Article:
Pass the Tea, Please Did you know January serves as National Hot Tea Month? Tea is considered the most popular beverage consumed worldwide (next to water). Statistically, tea is found in 80% of U.S. households. Offering a less caffeinated beverage choice, tea is gaining popularity for drinking hot or cold. It is not surprising with January being a month of fresh beginnings, tea is acknowledged as a potential healthier option to start the new year.

In recent decades, the health benefits to drinking tea have become well documented. Both green teas and black teas contain less than half the caffeine found in a cup of coffee. For a completely caffeine free option, choose herbal teas and tea blends. This is important for those required to reduce caffeine intakes for health reasons or just to avoid the nervous jitters. The relaxation benefits of enjoying a warm beverage makes choosing tea an easy choice.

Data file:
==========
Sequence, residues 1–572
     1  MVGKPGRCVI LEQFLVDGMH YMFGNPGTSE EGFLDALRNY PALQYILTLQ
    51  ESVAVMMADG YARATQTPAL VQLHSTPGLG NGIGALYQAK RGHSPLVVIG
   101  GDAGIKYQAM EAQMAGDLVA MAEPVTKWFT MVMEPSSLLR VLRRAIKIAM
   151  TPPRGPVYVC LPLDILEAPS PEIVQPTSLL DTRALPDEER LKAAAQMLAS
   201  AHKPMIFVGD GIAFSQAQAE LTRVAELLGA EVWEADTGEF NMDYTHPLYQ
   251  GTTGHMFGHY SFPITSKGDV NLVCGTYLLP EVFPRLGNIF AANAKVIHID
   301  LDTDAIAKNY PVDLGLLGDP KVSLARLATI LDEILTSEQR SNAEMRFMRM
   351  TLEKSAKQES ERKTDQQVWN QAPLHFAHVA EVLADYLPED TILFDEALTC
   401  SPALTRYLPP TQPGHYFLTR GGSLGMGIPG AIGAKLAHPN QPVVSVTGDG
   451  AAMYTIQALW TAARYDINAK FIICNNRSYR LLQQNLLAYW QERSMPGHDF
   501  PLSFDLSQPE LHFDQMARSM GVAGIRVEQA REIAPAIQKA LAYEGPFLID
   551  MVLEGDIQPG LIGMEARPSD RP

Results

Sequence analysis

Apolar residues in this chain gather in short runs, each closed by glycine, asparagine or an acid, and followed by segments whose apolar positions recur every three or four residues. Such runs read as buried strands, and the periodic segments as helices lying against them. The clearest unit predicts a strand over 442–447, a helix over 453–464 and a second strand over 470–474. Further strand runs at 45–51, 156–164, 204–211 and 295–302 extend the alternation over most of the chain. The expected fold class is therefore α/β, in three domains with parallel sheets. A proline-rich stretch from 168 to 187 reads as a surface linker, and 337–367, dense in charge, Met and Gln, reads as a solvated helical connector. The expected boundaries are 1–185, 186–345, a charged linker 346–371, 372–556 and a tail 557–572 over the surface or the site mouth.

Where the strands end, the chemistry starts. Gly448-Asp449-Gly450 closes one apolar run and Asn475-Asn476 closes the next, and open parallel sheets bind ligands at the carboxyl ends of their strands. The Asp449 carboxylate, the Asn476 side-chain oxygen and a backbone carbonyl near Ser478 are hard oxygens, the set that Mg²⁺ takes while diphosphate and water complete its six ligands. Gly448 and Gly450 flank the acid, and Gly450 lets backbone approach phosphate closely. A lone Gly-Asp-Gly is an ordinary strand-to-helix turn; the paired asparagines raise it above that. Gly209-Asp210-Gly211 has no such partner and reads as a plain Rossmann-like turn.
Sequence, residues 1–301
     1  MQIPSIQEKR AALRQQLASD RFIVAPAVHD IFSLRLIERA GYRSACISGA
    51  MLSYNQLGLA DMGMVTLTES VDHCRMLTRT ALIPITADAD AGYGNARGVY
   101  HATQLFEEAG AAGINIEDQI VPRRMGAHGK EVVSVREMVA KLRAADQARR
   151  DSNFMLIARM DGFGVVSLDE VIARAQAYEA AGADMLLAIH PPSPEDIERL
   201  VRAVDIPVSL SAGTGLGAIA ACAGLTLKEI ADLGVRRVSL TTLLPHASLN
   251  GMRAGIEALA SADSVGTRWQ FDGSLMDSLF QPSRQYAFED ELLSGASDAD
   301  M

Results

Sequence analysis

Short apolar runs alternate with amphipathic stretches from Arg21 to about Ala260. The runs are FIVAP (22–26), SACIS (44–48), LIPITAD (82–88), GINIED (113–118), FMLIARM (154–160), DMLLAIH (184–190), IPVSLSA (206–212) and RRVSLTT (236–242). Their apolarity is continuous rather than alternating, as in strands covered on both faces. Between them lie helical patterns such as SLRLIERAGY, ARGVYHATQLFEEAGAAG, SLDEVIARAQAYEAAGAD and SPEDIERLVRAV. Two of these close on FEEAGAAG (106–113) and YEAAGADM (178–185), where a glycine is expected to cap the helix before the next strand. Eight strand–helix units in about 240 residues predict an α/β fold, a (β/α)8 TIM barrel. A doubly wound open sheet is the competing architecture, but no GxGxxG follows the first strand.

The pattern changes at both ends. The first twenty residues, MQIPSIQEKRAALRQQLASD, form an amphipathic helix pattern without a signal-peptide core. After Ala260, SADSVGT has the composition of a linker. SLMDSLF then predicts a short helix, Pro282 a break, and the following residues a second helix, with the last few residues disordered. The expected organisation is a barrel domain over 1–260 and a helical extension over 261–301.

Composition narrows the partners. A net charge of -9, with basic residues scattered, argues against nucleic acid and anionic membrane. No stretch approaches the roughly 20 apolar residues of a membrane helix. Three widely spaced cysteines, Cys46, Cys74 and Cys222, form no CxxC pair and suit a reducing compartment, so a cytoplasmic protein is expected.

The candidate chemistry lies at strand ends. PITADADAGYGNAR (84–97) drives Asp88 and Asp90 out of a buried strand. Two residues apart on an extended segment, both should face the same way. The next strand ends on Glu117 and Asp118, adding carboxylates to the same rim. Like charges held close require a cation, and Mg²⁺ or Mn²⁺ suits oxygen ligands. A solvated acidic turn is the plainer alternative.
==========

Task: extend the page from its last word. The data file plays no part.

If you go to the store or specialty shop, the wide array of tea options can be overwhelming. Even grocery store isles are lined with numerous tea options. So what are the differences? Black, green, white, and oolong teas are all from the “true tea” plant Camellia sinensis. The differences between the teas are due to processing differences.

Black, green, oolong, white and most herbal teas are calorie free (until you add sweetener). There is about 47-90 mg of caffeine in a cup compared to 150-200 mg in a cup of coffee. Green tea contains 30-70 mg, oolong 50-70 mg and white tea 30-55 mg. The ranges take into consideration different varieties within each tea group.